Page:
Grice, who doubles as Clemson’s cleanup hitter and first baseman, outpitched Dollander. He was masterful, pounding the strike zone and mixing pitches. He struck out 10 batters, walked one and gave up four runs on six hits. He nearly pitched a complete game and was one strike away from finishing it before he gave up a two-out hit in the ninth, the second straight hit he’d allowed. With the go-ahead run at the plate and Grice at 113 pitches, Clemson went to the bullpen. He also went 2-for-7 with a double.
Burns, who projects as a first-round pick in 2024, was electric out of the bullpen. Vitello said Tennessee went into the game planning to use Dollander and Burns in a piggyback and hoped they wouldn’t need any other pitchers. Burns did his best to make that gameplan a reality, as he threw 99 pitches in 6.1 innings. It was his longest outing since throwing 6.2 innings March 11 against Morehead State and the most pitches he’d thrown since March 25 against Texas A&M, when he also threw 99. Both of those outings came when he was still in Tennessee’s rotation, before he moved into the fireman role he currently occupies. He struck out eight batters, walked four and gave up four hits, but worked out of jams and held Clemson to one run.
Halvorsen, who also will be drafted this summer, finished the game with 3.1 hitless innings for the Volunteers. He struck out three and walked one.
“They’re all power, it’s power stuff,” coach Erik Bakich said. “Everyone’s 95-99 (mph) and wipeout stuff. Our guys were more pitchability, more changing speeds. Both were effective. It just goes to show you when you have power stuff, it’s tough to hit because it’s tough to be on two pitches when one is 98 and one is an exploding slider. Those three guys, premium stuff.
“The way Caden pitched, he could have pitched at any level today. He was awesome.”
You can also look at its impact on the big picture and how the result impacts the programs. That with Saturday’s win, Tennessee is now one victory away from winning regionals for a third straight season, something the program has never before accomplished, and that its pitching is set up pretty well in pursuit of that goal.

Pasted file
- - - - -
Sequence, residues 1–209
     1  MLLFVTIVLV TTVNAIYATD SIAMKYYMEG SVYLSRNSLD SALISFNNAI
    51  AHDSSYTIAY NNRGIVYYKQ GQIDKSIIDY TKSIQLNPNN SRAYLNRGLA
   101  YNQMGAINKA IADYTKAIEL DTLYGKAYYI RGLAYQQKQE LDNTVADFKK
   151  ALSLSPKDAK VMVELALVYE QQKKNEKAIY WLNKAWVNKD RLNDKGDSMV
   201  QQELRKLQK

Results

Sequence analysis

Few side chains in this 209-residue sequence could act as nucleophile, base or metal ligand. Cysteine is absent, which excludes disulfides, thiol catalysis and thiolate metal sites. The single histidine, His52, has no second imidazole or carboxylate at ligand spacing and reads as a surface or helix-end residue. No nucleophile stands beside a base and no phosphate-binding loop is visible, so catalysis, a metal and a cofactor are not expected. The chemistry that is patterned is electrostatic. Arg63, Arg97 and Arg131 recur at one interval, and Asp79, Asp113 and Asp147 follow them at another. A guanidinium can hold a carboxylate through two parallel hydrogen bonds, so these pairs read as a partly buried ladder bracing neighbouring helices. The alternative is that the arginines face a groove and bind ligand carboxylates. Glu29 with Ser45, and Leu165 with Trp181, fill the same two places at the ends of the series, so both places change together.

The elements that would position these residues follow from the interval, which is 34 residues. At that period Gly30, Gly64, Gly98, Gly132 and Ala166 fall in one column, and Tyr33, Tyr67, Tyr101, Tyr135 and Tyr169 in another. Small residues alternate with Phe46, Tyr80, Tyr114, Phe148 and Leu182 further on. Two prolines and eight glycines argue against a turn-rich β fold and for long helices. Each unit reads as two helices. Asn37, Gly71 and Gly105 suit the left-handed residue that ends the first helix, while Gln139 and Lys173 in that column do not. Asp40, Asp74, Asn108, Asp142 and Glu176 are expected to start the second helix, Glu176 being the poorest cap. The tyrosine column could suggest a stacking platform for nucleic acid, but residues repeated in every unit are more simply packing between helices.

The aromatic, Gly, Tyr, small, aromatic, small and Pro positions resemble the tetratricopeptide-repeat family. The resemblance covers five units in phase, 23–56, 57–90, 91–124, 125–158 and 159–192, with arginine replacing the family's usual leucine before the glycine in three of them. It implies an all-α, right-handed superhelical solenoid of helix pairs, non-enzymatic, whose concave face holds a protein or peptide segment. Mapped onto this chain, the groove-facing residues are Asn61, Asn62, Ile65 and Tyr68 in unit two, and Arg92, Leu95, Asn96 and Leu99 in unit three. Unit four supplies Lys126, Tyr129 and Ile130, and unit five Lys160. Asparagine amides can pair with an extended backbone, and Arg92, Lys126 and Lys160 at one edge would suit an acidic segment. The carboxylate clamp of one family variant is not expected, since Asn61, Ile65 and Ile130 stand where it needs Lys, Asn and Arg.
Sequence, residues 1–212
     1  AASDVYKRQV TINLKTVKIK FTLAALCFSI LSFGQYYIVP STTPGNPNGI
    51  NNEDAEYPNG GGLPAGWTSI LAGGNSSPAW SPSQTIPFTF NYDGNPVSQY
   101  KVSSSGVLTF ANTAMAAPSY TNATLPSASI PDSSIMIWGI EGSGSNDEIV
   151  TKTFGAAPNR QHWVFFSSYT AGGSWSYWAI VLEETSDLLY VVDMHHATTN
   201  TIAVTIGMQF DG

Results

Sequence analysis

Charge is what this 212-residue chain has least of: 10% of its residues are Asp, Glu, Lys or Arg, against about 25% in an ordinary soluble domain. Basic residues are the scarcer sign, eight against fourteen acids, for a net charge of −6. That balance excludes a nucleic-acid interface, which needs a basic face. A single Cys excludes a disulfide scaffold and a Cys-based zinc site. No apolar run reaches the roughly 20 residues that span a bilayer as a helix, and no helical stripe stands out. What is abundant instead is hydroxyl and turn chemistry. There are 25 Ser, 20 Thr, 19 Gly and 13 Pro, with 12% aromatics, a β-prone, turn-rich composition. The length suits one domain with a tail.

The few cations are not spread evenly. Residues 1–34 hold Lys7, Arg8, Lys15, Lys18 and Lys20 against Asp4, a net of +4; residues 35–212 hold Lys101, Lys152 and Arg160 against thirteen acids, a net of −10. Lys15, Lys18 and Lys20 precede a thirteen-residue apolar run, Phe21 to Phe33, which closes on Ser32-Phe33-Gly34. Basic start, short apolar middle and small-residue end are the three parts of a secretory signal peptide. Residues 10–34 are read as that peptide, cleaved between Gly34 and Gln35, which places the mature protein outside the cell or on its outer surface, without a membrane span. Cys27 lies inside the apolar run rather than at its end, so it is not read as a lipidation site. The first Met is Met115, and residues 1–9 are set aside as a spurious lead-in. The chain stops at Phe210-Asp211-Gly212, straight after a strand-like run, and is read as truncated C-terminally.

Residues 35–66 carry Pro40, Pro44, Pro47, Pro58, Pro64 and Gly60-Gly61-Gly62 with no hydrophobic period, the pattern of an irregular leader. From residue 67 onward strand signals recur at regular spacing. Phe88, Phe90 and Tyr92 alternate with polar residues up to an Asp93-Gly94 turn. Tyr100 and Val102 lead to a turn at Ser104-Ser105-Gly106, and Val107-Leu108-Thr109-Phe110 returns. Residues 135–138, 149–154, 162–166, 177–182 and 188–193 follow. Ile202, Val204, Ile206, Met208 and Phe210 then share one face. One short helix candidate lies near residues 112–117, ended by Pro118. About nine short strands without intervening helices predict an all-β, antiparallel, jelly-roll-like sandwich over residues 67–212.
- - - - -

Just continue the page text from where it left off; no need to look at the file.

That Tennessee has now won five of its last seven games away from the friendly confines of Lindsey Nelson Stadium after starting the year 4-12 away from home. That the Volunteers might just be hitting their stride at the perfect time of year.
Meanwhile, Clemson, which hadn’t lost a game since April 28 at Boston College, is now staring its mortality in the face. The Tigers’ 17-game winning streak is over, and they must mount a new three-game streak if they’re going to win their first regional since 2010. The Tigers used nine relievers Saturday and while none threw more than 20 pitches, it’s still sure to impact the way Bakich and pitching coach Jimmy Belanger deploy the bullpen in the games to come.
After the game, Bakich wasn’t yet sure who the Tigers would start Sunday against Charlotte, mindful of the fact that they need to beat the 49ers to advance but that winning just one more game this weekend won’t leave them satisfied.
Any of those are perfectly valid lenses through which to view the game; a series of big moments, the wealth of talent on the field, the way it affects two programs moving forward. But sometimes the game itself is bigger than any or all of that.
Saturday night at Doug Kingsmore Stadium, Clemson and Tennessee quite probably played the best college baseball game of the season. If there’s a better game than that, whether it comes later in this NCAA Tournament or in the big leagues in October, we’ll all be very lucky to have seen it. Because Clemson and Tennessee played with incredible intensity and at a high level in a magnificent atmosphere.
The tension and the meaning of the game was overwhelming. The team that wins the Saturday night winner’s bracket game usually goes on to win the regional, making its importance paramount. Everyone in both dugouts knew the stakes.
Yet what they delivered on the field was so much more. It was everything we love about baseball and the NCAA Tournament, all wrapped up into one game, and when it was over, you could hardly believe it all happened in one night.